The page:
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Skiing and snowboarding are the kind of sporting activities that can seem like one of the best sports to introduce your kids to one moment, then a potential death trap the next. This seasons skiing has brought notoriety to the sport through a couple of celebrity accidents on the snow. First came the worrying news that the seven-time Formula 1 champion Michael Schumacher’s life hung in the balance following a head injury in the Alps. Then, less life threatening, German Chancellor Angela Merkel fractured her pelvis on a ski holiday.

So do these incidents highlight an inherent danger with sliding down a mountain on flat objects strapped to our feet? Is this isolated to Germany’s most well-known personalities? The only way to find out is to get away from the anecdotes and take a bird’s eye view of the statistics.

Data from America’s National Ski Areas Association for the 2011-12 season showed that the fatality rate was 1.06 per million skier days, with only 0.001% of visitors suffering a major injury in the total days of participation during that season. More evidence from Scotland indicates that you would have to ski or snowboard for 447 days on average before you would sustain an injury. So when you consider this, snow sports are a relatively safe pursuit compared to other sports. You get a better understanding of the risks when the reason for accidents is broken down. Unfortunately, young men get just as bad a reputation on the slopes as they do on the roads, 85% of fatalities in the US are males and 70% are aged from late teens to late 30s.

This illustrates the most important point in answering the question of danger on the slopes, it depends on how much risk you take out there. Schumacher’s accident happened off-piste (away from the designated routes and trails) and this increases the risk even for advanced skiers. Avalanches and hidden rocks are not something skill can make up for in this environment as too much is left up to chance.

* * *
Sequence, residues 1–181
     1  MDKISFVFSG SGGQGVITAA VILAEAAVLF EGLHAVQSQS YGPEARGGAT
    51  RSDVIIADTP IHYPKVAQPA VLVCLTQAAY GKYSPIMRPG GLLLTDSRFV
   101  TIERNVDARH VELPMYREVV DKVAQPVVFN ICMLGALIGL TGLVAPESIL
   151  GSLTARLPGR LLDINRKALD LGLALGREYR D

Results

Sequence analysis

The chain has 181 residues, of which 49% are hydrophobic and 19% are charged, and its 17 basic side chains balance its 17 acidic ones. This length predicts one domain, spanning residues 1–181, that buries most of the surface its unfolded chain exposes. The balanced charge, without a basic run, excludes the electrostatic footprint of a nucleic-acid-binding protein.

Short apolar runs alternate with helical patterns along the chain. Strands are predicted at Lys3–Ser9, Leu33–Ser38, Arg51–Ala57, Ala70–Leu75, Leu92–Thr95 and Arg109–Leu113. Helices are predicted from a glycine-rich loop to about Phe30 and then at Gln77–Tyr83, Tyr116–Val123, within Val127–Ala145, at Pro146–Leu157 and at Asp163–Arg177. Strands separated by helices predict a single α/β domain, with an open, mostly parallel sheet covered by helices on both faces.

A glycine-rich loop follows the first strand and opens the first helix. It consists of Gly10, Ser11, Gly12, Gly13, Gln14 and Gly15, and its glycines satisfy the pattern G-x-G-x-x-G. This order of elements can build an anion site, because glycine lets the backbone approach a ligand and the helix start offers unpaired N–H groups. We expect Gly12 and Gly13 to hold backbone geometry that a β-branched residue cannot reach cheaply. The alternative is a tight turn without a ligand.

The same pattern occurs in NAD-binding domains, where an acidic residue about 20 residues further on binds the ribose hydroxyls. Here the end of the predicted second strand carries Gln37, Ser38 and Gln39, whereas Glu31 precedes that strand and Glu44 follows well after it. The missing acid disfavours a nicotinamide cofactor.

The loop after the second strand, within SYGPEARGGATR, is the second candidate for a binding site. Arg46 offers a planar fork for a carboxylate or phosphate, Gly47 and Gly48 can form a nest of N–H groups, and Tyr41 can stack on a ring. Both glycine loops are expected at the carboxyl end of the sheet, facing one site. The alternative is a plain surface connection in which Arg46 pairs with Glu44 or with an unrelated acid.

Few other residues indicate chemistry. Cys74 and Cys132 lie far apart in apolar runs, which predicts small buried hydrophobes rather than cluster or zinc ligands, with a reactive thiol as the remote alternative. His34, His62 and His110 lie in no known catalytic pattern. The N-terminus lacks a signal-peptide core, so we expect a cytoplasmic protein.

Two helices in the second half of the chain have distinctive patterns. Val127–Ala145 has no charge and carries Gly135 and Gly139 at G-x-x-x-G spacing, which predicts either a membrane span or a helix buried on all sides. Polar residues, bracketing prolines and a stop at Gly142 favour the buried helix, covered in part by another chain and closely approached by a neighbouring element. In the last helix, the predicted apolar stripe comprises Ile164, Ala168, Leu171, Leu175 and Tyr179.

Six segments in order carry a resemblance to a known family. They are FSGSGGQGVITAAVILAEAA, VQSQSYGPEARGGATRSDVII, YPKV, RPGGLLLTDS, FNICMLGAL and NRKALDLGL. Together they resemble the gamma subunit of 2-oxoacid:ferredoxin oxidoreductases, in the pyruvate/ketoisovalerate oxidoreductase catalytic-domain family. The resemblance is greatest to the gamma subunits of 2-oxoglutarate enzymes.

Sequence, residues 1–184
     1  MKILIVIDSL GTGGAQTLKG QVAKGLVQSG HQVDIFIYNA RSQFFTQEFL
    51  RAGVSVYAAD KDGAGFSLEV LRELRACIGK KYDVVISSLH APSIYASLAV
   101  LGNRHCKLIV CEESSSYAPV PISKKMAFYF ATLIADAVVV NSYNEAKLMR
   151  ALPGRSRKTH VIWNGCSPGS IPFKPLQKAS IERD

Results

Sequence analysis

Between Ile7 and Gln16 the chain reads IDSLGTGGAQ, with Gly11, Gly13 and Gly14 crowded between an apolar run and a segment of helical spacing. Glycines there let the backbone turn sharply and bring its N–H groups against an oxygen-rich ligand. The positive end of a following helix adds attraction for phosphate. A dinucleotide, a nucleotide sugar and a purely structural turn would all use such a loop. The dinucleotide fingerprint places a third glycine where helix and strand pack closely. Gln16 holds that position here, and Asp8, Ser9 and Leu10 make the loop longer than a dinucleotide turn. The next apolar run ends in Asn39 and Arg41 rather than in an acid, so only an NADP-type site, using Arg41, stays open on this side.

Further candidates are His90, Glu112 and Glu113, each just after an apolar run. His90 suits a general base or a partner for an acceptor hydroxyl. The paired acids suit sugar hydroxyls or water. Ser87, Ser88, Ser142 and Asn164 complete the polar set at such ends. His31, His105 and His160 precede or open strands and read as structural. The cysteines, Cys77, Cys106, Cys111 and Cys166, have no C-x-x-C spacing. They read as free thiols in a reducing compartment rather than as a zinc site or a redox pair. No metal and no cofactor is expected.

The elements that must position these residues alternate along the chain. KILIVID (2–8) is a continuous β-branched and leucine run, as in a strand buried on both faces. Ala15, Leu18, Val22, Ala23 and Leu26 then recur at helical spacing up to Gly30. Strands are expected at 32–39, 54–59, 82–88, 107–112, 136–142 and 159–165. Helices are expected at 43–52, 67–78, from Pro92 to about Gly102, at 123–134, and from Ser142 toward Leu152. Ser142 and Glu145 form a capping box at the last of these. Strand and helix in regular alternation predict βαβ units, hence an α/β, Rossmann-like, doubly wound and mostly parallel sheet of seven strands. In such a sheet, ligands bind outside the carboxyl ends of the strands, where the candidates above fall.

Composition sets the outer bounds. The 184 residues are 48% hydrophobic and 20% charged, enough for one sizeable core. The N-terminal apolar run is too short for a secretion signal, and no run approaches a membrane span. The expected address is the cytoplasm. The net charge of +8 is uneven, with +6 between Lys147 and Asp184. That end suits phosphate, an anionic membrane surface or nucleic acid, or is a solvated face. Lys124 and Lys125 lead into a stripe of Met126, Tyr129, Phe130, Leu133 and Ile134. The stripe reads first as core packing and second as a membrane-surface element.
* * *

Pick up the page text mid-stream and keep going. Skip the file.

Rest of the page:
Better equipment has contributed to a drop in injuries as foot bindings have evolved to mitigate broken legs and helmets have become the norm. When Michael Schumacer crashed, his helmet split in two, but doctors said it probably saved his life. It was another celebrity tragedy in 2009 which triggered a new trend in ski attire. Actress Natasha Richardson died following a minor fall on a beginners run while taking a ski lesson. She struck her head but didn’t complain that anything was significantly wrong until hours later, retailers then subsequently reported helmet sales rocketing. Some sources report no decrease in brain injuries from helmet use and other sources actively encouraging helmet use. In the absense of definitive statistics, it seems celebrity tragedies are having more impact on the use of safety equipment than actual evidence.

It’s probably better to use a helmet than not but after deciding on this, which is the safer option? Skiing or snowboarding? Jasper Shealy, a professor emeritus at the Rochester Institute of Technology, concluded that while snowboarders were between 50% to 70% more likely to get injured, they are also around 30% less likely to be killed on the slopes than skiers.

These pursuits are an individual sport, which means it is very difficult to measure the danger as each person in a resort behaves differently. Some will be clad head to toe in safety gear on easy routes and others will be out to push themselves on faster routes after a lunchtime beer. This may also account for why snowboarders have more accidents but fewer fatalities, skis are designed for speed whereas a snowboard is more adept at aerial tricks. More broken wrists perhaps but fewer head on collisions with trees.

So how do snow sports rank in the most dangerous sports tables? Not very high it turns out. Based on US government figures, Forbes ranked the top 10 sports by injuries and skiing and snowboarding came in at number nine. Which means using bicycles, footballs and treadmills could land you in a hospital sooner than a pair of skis.

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